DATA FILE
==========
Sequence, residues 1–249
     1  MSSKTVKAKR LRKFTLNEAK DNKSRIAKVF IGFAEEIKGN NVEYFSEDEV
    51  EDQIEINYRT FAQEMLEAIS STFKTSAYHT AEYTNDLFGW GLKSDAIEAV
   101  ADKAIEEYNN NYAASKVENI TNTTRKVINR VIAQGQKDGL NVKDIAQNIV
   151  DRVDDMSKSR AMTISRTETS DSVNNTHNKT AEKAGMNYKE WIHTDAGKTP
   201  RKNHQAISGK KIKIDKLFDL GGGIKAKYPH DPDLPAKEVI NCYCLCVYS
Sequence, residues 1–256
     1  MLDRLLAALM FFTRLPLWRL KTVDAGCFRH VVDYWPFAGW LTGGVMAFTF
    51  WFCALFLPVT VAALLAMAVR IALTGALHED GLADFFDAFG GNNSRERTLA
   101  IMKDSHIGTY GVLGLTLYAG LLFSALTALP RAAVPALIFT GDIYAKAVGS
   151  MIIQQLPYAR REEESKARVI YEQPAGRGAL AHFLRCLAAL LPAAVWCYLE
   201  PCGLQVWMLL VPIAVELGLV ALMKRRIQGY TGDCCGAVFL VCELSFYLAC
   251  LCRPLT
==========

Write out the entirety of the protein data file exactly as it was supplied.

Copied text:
Sequence, residues 1–249
     1  MSSKTVKAKR LRKFTLNEAK DNKSRIAKVF IGFAEEIKGN NVEYFSEDEV
    51  EDQIEINYRT FAQEMLEAIS STFKTSAYHT AEYTNDLFGW GLKSDAIEAV
   101  ADKAIEEYNN NYAASKVENI TNTTRKVINR VIAQGQKDGL NVKDIAQNIV
   151  DRVDDMSKSR AMTISRTETS DSVNNTHNKT AEKAGMNYKE WIHTDAGKTP
   201  RKNHQAISGK KIKIDKLFDL GGGIKAKYPH DPDLPAKEVI NCYCLCVYS
Sequence, residues 1–256
     1  MLDRLLAALM FFTRLPLWRL KTVDAGCFRH VVDYWPFAGW LTGGVMAFTF
    51  WFCALFLPVT VAALLAMAVR IALTGALHED GLADFFDAFG GNNSRERTLA
   101  IMKDSHIGTY GVLGLTLYAG LLFSALTALP RAAVPALIFT GDIYAKAVGS
   151  MIIQQLPYAR REEESKARVI YEQPAGRGAL AHFLRCLAAL LPAAVWCYLE
   201  PCGLQVWMLL VPIAVELGLV ALMKRRIQGY TGDCCGAVFL VCELSFYLAC
   251  LCRPLT